This one goes out to anyone who has endured my 19th Century Art lectures, or is otherwise interested in my recent trip to Cleveland. Made with assistance from Frederic Edwin Church and Carolyn Reddy’s phone. I also feel indebted to this gentleman.
April 13th is Seattle Art Museum’s Teen Night Out. This free event features access to the SAM’s galleries, live performances, and art-making with Seattle Artists. (Think: SAM Remix for minors.) In honor of the final month of Gauguin & Polynesia, this spring’s event will feature a Tahitian dance troop, Polynesian tattoo, and hands-on art with local artists. I’ll be there leading live figure drawing, and steadfastly avoiding getting any tattoos. Heads up, teens. Come draw with me.
PS, young readers- Miss this event, and all the cool art kids will think you’re a square. Miss this Gauguin show, and live a sadder, darker life.
This Friday night I’ll be at the Seattle Art Museum to lead a teen sketching trip through Gauguin Polynesia: An Elusive Paradise. The show has some excellent paintings and prints from Gauguin’s years in the Pacific, and some beautiful 19th century Polynesian artwork. We’ll trace Gauguin’s creative journey by sketching from the same objects that inspired him, then work from Gauguin’s paintings and drawings. (including one of his sketchbooks!) Then we’ll head downstairs for some figure drawing from live models. Registration is closed for this free program, but I’ll be back soon. Teens, and people who work with them, should check in with the SAM to find out about more great programs and resources.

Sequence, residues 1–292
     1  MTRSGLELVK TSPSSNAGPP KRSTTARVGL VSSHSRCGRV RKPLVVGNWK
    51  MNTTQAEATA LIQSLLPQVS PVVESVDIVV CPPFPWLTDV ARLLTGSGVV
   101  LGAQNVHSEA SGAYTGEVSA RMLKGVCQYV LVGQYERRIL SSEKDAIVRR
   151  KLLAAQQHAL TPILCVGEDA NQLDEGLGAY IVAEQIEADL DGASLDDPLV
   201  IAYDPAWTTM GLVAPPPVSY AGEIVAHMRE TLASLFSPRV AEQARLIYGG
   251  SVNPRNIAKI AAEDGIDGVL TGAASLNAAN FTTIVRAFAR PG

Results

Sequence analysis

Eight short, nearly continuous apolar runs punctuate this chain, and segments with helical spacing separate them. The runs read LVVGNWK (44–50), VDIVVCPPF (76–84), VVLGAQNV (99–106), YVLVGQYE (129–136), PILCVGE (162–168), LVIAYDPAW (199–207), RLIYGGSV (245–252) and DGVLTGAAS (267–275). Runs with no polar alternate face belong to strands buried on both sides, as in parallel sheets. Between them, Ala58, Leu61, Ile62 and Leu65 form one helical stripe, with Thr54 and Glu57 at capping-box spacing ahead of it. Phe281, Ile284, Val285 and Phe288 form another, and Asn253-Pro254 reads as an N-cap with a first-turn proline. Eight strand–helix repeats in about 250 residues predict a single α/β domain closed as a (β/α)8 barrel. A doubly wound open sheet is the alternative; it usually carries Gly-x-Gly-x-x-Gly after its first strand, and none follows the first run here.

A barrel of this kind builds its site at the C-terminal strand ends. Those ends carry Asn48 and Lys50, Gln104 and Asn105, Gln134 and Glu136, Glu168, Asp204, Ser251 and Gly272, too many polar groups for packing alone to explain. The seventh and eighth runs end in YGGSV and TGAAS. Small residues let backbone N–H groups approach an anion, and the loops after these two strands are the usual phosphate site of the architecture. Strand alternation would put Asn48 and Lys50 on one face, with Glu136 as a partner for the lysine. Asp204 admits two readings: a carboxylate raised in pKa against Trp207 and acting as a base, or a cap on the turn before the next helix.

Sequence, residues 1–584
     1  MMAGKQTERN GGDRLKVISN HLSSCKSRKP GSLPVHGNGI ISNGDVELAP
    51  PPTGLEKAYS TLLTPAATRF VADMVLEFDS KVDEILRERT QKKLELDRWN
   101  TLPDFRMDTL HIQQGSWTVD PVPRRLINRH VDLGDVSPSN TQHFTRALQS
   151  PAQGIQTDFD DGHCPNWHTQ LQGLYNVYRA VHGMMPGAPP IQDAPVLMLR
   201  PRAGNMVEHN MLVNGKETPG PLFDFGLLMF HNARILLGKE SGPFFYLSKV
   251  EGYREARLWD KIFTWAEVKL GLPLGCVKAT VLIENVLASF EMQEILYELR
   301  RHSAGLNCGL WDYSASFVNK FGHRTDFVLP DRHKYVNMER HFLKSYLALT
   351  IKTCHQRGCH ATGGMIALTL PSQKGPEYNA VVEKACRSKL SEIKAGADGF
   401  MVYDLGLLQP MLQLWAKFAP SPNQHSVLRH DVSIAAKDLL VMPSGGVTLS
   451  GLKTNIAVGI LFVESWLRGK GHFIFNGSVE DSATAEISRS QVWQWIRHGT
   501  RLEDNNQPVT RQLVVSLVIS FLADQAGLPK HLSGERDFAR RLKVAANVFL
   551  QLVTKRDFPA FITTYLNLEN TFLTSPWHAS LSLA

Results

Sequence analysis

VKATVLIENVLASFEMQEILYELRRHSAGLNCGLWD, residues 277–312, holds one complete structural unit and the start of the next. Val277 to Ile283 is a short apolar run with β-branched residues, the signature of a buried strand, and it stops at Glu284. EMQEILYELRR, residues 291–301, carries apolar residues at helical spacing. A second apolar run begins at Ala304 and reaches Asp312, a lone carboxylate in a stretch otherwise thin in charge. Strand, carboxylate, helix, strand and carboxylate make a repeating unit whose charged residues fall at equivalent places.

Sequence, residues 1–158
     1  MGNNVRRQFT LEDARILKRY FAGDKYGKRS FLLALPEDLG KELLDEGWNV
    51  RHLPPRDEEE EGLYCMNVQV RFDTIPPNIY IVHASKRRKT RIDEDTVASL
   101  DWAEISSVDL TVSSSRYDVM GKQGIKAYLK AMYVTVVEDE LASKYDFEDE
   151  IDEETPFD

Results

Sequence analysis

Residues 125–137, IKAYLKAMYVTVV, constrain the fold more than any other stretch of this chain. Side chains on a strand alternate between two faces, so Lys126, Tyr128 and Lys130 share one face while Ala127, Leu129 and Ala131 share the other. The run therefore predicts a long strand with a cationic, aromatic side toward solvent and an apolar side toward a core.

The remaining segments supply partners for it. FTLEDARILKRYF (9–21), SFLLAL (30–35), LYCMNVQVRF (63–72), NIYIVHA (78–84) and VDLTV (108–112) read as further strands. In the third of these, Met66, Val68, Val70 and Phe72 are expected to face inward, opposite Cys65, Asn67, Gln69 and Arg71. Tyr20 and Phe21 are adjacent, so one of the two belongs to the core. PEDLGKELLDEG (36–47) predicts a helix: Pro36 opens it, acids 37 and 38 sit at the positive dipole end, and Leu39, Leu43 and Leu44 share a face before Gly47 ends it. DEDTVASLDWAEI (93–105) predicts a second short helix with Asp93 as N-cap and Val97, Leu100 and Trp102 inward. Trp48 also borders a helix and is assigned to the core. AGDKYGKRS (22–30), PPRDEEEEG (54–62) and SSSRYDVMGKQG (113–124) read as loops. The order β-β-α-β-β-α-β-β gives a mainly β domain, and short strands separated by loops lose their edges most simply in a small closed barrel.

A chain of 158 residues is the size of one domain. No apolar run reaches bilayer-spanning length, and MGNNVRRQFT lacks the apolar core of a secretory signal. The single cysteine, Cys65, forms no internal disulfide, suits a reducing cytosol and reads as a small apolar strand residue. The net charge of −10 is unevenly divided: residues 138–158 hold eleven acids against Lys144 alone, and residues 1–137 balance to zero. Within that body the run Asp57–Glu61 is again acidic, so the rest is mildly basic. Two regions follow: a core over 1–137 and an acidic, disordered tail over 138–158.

My friends at Seattle Art Museum’s Olympic Sculpture Park have invited me to celebrate Earth Day with them. (They must know I’m pro-Earth.)
For Seattle Art Museum’s Family Festival: Earth Day for Kids, I’ll be spending the day inside Mark Dion’s Neukom Vivarium, home to sixty feet of life, decomposition, dirt and renewal. Dion’s work is an 80 foot greenhouse containing a huge nurse log, the ground-floor of the teeming Pacific Northwest ecosystem. I’ll be there with clip boards and drawing tools, working as resident artist inside the vivarium: encouraging visitors to use drawing as a way to see things closer and clearer. I’m also planning to have some very serious discussions about ferns with children. (Most kids are pretty comfortable as both “artist” and “field biologist.”) The sculpture park is also hosting lots of other interesting activities, events, and ideas throughout the day. This is free and open to the public; Come say hi!